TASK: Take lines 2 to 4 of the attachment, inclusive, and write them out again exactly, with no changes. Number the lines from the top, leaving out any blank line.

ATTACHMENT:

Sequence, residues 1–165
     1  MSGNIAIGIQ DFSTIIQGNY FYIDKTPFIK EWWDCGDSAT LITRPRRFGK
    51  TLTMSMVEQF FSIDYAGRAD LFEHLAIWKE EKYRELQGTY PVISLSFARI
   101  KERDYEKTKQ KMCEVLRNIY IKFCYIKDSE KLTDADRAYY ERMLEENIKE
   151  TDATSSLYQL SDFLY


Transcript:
     1  MSGNIAIGIQ DFSTIIQGNY FYIDKTPFIK EWWDCGDSAT LITRPRRFGK
    51  TLTMSMVEQF FSIDYAGRAD LFEHLAIWKE EKYRELQGTY PVISLSFARI
   101  KERDYEKTKQ KMCEVLRNIY IKFCYIKDSE KLTDADRAYY ERMLEENIKE